How will the air traffic management (ATM) operational concept and system architecture evolve between now and 2050? What changes are required to be implemented in SESAR to ensure a smooth transition? These are the questions FLITE (Future Long-term ATM concept, Infrastructure, Technologies and operational Environment), a recently completed exploratory research project, sought to answer.
Over the next four decades, more complex air travel scenarios are expected to emerge in Europe. The future vision of air travel in Europe expressed in Flightpath 2050 is to provide door-to-door transport within Europe capped at 4 hours (90%) and to execute all flights with delays not exceeding 1 minute under all weather conditions. The vision further includes dynamic network reconfiguration, 24 hour efficient airport operations and coherent ground infrastructures, including vertiports and heliports. The achievement of this vision will require fundamental changes in the air transport system.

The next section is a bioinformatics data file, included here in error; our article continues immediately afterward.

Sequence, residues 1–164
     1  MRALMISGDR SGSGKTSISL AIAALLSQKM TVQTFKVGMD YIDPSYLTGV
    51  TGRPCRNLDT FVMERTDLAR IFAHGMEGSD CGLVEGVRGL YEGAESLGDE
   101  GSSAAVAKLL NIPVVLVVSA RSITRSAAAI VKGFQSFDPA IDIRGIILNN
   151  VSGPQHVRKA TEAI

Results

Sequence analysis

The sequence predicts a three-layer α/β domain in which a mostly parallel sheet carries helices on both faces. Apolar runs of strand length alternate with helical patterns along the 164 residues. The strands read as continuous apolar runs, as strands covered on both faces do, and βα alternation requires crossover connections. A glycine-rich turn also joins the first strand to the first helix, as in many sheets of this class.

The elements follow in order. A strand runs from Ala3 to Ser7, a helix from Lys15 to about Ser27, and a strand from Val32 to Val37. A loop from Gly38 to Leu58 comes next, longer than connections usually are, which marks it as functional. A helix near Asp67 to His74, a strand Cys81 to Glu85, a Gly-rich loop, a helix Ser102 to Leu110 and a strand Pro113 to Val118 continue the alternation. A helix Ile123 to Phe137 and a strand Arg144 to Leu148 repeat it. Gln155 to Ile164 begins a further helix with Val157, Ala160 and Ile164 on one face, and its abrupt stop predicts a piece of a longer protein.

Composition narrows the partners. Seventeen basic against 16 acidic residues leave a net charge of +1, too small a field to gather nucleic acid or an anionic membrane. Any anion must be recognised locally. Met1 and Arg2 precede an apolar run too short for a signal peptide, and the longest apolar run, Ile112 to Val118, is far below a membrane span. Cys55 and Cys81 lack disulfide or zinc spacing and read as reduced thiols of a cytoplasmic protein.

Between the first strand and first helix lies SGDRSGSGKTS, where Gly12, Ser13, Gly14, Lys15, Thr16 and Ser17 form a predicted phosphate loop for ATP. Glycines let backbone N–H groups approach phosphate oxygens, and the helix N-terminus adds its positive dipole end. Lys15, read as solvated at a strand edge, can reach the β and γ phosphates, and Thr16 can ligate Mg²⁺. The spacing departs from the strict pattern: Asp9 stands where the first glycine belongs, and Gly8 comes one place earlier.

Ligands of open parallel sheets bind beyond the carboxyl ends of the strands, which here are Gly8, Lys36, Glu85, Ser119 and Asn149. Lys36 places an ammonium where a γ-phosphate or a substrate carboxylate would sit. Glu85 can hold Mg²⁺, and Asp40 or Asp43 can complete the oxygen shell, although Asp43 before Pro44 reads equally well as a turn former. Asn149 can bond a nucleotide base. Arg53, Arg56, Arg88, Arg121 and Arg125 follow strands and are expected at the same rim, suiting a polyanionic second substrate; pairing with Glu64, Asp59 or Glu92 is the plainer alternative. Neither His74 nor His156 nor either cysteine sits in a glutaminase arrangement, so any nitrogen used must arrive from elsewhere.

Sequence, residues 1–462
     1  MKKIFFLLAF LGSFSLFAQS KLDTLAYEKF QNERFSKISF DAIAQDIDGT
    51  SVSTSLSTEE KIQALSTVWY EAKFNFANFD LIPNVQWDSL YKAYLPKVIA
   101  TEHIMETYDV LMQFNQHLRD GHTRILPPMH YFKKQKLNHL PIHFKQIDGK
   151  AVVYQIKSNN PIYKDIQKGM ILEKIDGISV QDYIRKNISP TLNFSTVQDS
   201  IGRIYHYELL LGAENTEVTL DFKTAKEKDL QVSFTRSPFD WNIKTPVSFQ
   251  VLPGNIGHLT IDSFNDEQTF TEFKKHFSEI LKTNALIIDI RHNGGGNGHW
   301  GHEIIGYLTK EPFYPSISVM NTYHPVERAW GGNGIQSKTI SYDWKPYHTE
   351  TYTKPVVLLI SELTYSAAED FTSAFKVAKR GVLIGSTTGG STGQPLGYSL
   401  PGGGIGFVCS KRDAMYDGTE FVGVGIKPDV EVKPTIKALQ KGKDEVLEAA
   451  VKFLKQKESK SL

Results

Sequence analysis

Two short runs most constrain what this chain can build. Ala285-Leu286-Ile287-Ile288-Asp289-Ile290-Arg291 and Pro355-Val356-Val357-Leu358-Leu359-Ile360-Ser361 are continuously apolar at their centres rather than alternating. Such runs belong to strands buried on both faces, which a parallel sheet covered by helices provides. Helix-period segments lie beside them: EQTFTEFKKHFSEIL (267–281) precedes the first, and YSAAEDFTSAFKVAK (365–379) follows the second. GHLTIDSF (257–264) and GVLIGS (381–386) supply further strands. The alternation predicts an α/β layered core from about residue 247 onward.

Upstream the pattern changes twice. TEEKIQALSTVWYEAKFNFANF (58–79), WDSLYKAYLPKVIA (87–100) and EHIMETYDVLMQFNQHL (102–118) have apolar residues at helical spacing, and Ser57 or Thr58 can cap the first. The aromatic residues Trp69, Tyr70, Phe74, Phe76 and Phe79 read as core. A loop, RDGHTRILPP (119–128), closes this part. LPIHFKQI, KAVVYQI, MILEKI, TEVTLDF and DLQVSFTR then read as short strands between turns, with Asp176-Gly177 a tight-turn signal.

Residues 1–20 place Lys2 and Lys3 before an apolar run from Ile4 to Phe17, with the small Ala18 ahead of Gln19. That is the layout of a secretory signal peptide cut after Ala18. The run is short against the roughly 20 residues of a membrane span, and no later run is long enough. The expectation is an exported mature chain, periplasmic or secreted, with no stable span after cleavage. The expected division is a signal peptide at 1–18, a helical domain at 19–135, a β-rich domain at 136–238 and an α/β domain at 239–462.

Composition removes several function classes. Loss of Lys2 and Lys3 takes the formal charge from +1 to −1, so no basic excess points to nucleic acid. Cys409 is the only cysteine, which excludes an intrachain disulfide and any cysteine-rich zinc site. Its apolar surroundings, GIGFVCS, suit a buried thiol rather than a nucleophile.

Not surprisingly, the integration of air vehicles with varying levels of performance and automation into the same airspace will result in a significantly higher density of traffic. In light of these challenges, the FLITE project evaluated how the target SESAR operational concept and technologies will need to evolve in order to accommodate these scenarios while at the same time enabling 90% of passengers within Europe to complete their door-to-door journeys within 4 hours.
Carried out jointly by Imperial College London and ISA Software, FLITE identified three key operational challenges in areas: gate-to-gate, passenger handling and airport access. Furthermore, a number of associated technological challenges were also identified:
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